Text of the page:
Date Thesis Awarded
Bachelors of Science (BS)
Daniel A. Cristol
Randolph A. Coleman
Mark H. Forsyth
The biological toxicity of mercury has been well studied within in vitro and in vivo experimental systems. However, worldwide cases of industrial release into aquatic ecosystems have confirmed the potent effects of its entry into the food web. As environmental mercury becomes methylated, it is incorporated into biological tissues and undergoes biomagnification, reaching progressively higher concentrations in higher trophic positions. Through this effect, top predators such as bass have been found with mercury concentrations of up to 10,000,000 times the level in the surrounding environment. The consumption of such contaminated fish and other wildlife by humans has resulted in severe neurotoxicity, affecting nearly every neurosensory system and irreversibly damaging the brain. Because mercury is transferred and concentrated through the consumption of prey, its movement through contaminated food webs is of great interest. This thesis is an effort to understand the movement of dietary mercury from a contaminated aquatic ecosystem into the terrestrial ecosystem surrounding it. In the South River, a tributary of the Shenandoah River in Virginia, two decades of industrial mercury release have contaminated both the nearby aquatic and terrestrial ecosystems, but the dietary connection between them is unknown. Terrestrial spiders near the South River have been found with mercury levels higher even than fish from the river itself. These spiders are contributing the majority of dietary mercury to bird populations living near the river which are experiencing a multitude of negative effects due to this toxin. This thesis attempts to link the predation of terrestrial spiders to the aquatic emergence of Ephemopterans (mayflies), a known contributor of biomass to terrestrial environments. Mayflies from the river have exhibited significant levels of contamination, and are a plausible prey item. Terrestrial spiders and mayflies were collected from the South River during Summer 2008, and their mitochondrial DNA was amplified using PCR with universal invertebrate primers. This DNA was then sequenced to compare mayfly and spider mitochondrial genotypes and design mayfly-specific primers. During Summer 2009, terrestrial spiders were collected from the same sites along the river where emerging mayflies were collected. A small subset of these spiders were fed mayflies in feeding trials to establish how long mayfly DNA can be detected in spider gut contents. A large-scale gut content analysis was then carried out on 111 spiders. The mayfly-specific primers were tested on all collected mayflies, and successfully amplified the DNA of 76% of these individuals overall. Feeding trials were carried out with varying lengths of spider digestion time, and mayfly DNA was identified for up to 24 hours without any time-dependent decrease in detection ability. When the gut contents of 111 terrestrial spiders were analyzed, none of the samples showed any presence of mayfly DNA. Mayfly abundance may have been too low, and mayfly genetic diversity may have escaped the utilized primers. However, the efficacy of the methodology developed in this study makes it is unlikely that the high levels of contamination in these spiders are caused by preying on mayflies. These results provide important knowledge of the dietary connection between the aquatic and terrestrial food webs at the South River. If other aquatic insects can be linked to the diets of these spiders, the source of mercury can be localized to the river itself, rather than to historic deposits in the floodplain. Efforts of remediation to prevent further spreading of mercury depend on its environmental location, so further studies of the terrestrial spider prey are necessary.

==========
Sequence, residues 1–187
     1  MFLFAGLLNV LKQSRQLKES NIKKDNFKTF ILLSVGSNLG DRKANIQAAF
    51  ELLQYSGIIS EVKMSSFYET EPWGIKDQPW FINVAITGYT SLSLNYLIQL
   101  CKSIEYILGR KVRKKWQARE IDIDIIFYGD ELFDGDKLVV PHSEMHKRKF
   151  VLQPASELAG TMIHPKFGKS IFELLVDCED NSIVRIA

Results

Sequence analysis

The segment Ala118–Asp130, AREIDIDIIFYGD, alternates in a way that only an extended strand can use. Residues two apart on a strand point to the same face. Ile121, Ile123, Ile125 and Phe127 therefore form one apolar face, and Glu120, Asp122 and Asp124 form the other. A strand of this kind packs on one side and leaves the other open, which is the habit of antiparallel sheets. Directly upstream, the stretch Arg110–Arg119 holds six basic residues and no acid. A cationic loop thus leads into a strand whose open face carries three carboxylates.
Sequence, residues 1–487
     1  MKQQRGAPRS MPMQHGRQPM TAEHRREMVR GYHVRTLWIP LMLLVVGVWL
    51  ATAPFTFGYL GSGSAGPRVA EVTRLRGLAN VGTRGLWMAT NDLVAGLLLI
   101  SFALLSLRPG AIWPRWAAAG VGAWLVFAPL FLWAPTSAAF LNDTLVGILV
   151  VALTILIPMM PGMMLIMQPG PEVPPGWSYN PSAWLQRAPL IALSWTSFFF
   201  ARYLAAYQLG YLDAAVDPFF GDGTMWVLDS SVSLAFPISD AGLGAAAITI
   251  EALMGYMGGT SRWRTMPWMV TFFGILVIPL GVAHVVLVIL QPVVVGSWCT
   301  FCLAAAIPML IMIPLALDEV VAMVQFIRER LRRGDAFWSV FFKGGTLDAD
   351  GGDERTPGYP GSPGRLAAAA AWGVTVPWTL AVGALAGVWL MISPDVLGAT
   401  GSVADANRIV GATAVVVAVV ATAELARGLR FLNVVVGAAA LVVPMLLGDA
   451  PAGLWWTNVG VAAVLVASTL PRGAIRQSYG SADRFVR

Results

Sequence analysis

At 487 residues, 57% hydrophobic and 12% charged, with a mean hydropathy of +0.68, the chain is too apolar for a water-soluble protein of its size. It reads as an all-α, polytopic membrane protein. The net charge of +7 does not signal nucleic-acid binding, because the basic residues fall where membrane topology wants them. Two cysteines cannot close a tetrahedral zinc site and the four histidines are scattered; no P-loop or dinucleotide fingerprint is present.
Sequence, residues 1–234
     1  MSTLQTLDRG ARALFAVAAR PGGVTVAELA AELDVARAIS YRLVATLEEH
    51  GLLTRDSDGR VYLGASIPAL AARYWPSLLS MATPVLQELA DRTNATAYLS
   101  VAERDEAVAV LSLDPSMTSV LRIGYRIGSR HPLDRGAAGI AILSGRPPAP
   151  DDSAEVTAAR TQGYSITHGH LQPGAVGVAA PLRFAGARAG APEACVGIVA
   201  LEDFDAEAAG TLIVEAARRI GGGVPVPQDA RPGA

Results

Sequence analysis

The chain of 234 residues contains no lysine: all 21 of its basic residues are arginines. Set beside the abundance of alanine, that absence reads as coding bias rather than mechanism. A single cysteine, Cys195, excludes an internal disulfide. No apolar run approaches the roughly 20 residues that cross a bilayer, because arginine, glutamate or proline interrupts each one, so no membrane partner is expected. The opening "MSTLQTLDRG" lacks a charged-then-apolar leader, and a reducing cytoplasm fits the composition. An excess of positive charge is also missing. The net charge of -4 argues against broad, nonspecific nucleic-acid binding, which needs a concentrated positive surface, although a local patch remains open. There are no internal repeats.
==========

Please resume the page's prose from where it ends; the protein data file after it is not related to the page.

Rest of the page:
Northam, Weston Thomas, "An Ephemeral Contributor to a Toxic Legacy? Group-Specific Molecular Identification of Prey in Mercury-Contaminated Spiders by PCR" (2010). Undergraduate Honors Theses. Paper 700.
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